Shiu, E.M.K. and Walsh, G. and Hassan, L.M. and Shaw, D. (2011) Consumer uncertainty, revisited. Psychology and Marketing, 28 (6). pp. 584-607. ISSN 0742-6046Full text not available in this repository. (Request a copy from the Strathclyde author)
Uncertainty is an important concept within consumer behavior which to date is under-theorized, especially in relation to important downstream variables such as information search intention and purchase intention, and can therefore lead to a loss of utility. The authors propose a new multidimensional conceptualization of consumer uncertainty and develop a theoretical model of uncertainty within two consumer behavior contexts, namely avoidance of sweatshop apparel and avoidance of food additives. Drawing on literature-based insights as well as qualitative research and Expected Utility Theory, the authors develop hypotheses that offer insight into the potential antecedents (ambiguity and credibility) and consequences (search intention and purchase intention) of uncertainty. Using survey data, the authors test the hypotheses, finding strong support for many relationships hypothesized. Research and managerial implications are discussed.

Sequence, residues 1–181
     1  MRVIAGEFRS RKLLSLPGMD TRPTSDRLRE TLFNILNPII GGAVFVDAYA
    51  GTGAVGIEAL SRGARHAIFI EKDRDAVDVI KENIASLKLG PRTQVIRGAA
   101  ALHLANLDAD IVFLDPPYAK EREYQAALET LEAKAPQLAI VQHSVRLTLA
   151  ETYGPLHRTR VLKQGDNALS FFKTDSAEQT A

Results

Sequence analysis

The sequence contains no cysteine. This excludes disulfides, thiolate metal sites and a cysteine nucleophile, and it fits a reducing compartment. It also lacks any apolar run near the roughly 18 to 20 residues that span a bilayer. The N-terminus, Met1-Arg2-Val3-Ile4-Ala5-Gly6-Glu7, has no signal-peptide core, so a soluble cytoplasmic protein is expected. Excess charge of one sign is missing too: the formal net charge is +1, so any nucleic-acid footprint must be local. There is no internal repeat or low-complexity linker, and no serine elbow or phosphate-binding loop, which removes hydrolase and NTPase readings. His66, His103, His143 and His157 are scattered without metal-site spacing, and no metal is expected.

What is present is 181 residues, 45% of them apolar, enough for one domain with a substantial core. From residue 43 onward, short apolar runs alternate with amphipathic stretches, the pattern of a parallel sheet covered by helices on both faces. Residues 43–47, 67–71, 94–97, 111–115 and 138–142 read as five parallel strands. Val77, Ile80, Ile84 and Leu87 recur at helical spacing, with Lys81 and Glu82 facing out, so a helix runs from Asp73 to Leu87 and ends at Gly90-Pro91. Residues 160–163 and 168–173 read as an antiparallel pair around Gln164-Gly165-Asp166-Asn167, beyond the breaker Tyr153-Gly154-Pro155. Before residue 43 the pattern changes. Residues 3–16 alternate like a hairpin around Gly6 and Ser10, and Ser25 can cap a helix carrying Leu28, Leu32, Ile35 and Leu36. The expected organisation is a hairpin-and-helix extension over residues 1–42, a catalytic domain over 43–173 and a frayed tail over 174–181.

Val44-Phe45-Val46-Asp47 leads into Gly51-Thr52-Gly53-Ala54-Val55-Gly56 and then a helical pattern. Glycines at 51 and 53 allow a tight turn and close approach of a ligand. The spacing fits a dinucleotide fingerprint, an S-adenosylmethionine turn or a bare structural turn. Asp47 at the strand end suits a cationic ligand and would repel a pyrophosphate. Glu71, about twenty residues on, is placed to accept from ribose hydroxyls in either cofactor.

|Keywords:||consumer uncertainty, revisited, consumer behavior , downstream variables, multidimensional conceptualization , theoretical model , ambiguity and credibility, search intention and purchase intention, Marketing. Distribution of products, Applied Psychology, Marketing|
|Subjects:||Social Sciences > Commerce > Marketing. Distribution of products|
|Department:||Strathclyde Business School > Marketing|
|Depositing user:||Mrs Jan Whiteford|
|Date Deposited:||20 May 2010 15:01|
|Last modified:||27 May 2016 03:35|